Anaha Tower

A New View on Hawaiian Splendor

Drawing respectful inspiration from the uniforms worn by the first responders trained there, blue and gray panels clad the 65,000-square-foot building’s façade. 

It’s not easy to walk by Anaha without a touch of neck strain.

The new 38-story, $400 million residential tower in the Kaka’ako district of Oahu is a visual wonder, forcing passersby to look skyward. 

Reason number one is the sinewy, undulating, cantilevered massing that the architectural design team at Solomon Cordwell Buenz (SCB) imagined. A second one might be a rooftop lap pool that juts a dazzling 15 feet into Hawaiian airspace, 75 feet above the plaza below. It’s not easy gazing 7 stories straight up.

“For a swimmer, it’s the closest thing to flying. Ocean ahead, nearly 80 feet between you and the plaza below,” says senior designer and project architect Francesco Mozzati, AIA, of SCB. 

Sensory Delight

Fly, indeed. It’s but one of the sensory adventures Anaha invites all to experience. The very form of Anaha “is reminiscent of the play between the crests and troughs of a calm ocean wave,” observes Mozzati’s SCB colleague, Strachan Forgan, RIBA, LEED AP, principal.

Mozzati credits the owner of the 318-unit, LEED Silver-certified tower with “an incredible job of delivering this project.” The architect says it’s not often when the aesthetic vision is so comprehensively embraced by the owner. That integrity of intent is apparent throughout the structure, from the curvaceous glass curtainwall and projected pool to the one-acre amenity deck and Hawaii’s largest living wall – a 1,200 square feet lobby display of 8,000 species of tropical plants. 

Coastal Tough

Helping bring refinement and style to the sweeping expanse is color. “Once the glass for the curtainwall was established, we started looking to the different coating on the metals that would enhance the visual composition,” explains Mozzati.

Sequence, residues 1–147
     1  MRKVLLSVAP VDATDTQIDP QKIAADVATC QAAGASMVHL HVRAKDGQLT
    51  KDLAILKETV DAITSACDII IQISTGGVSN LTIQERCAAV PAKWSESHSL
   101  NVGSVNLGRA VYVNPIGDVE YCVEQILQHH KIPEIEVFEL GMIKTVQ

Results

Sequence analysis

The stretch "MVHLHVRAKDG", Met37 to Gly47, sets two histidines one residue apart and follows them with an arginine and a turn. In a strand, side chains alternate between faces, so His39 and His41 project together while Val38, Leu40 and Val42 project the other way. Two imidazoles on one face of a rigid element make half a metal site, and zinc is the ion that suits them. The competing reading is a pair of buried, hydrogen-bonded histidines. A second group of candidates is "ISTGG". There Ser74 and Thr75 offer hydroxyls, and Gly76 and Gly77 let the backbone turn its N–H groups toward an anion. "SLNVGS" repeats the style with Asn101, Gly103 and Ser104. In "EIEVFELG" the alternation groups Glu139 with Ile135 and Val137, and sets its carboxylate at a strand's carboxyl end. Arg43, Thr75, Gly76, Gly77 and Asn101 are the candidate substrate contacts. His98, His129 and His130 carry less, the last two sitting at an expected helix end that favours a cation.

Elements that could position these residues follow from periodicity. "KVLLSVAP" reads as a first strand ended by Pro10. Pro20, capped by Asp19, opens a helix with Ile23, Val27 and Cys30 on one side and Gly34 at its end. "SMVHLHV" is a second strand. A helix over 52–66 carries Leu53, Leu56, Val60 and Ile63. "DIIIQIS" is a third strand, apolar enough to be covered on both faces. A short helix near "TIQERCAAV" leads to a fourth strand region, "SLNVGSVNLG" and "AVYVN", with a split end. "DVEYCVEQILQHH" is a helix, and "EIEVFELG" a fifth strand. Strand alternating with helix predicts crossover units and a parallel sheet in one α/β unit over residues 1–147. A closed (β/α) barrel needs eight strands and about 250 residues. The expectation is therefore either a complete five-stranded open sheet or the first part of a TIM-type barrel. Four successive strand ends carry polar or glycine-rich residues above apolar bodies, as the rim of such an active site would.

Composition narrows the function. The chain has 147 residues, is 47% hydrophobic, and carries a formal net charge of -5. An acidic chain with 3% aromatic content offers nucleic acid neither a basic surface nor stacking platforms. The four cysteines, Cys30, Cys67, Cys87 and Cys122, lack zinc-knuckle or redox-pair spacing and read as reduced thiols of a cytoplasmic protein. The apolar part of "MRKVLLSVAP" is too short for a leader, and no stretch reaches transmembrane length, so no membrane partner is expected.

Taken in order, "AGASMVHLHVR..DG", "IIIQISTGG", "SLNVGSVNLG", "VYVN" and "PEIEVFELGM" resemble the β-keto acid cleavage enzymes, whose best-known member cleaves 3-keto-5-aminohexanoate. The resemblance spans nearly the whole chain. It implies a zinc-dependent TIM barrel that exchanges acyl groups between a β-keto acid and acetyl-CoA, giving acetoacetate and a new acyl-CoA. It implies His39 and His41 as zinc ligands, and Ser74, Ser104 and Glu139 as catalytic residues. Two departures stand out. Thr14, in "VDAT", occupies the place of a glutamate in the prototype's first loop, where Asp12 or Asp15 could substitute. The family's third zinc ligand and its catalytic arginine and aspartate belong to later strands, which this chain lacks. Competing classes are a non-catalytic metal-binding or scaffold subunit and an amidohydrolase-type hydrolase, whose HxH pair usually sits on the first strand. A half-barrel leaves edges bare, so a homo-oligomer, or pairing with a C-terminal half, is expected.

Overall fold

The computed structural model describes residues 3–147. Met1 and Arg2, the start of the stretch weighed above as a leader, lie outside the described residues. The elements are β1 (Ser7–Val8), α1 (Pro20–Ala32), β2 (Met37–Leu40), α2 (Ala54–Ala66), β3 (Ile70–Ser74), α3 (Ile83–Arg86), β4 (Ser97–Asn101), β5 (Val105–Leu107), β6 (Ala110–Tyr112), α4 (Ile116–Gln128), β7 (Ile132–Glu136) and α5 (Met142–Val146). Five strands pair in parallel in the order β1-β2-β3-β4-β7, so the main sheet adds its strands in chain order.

The architect says the primary color is Fluropon Silverstone, a gray tone that works well with the glass. The design team also specified an accent color called Fluropon Driftwood, used on the podium and the projected pool’s supporting elements. “We considered another coating provider, but eventually we went with the Fluropon 70% PVDF coating from Sherwin-Williams Coil Coatings,” Mozzati says. “Sherwin-Williams was very responsive in terms of providing the samples we needed. They were very collaborative.” Fluropon 70% PVDF coating systems for aluminum extrusions are field proven for durability, resistance to color fade and industry compliance, a major consideration in the harsh maritime environment of coastal Hawaii.

Signature Achievement

For Mozzati, the reception to Anaha (meaning “reflection of light”) has been the most humbling experience of his career. The property is nearly leased-up, the owner is delighted, and the project won the 2018 Multifamily Executive Awards, Project of the Year - High-Rise. What do you do for an encore? He’s working on it: a 42-story sister tower to Anaha.

Project Credits:

  • Coatings provider: Sherwin-Williams Coil Coatings, extrusion coatings
  • Architect: Solomon Cordwell Buenz (SCB) 
  • Applicator – finishing provider: Sapa
  • Photography credits: Deborah Gwinn

 

Fluropon 70% PVDF Coatings

Fluropon is Sherwin-Williams flagship 70% PVDF coating system for architectural metal building products. Its superior durability and color retention keeps your building facade looking new for decades to come. Available in over 50,000 colors, Fluropon meets the industry's most rigorous standards including AAMA 2605.

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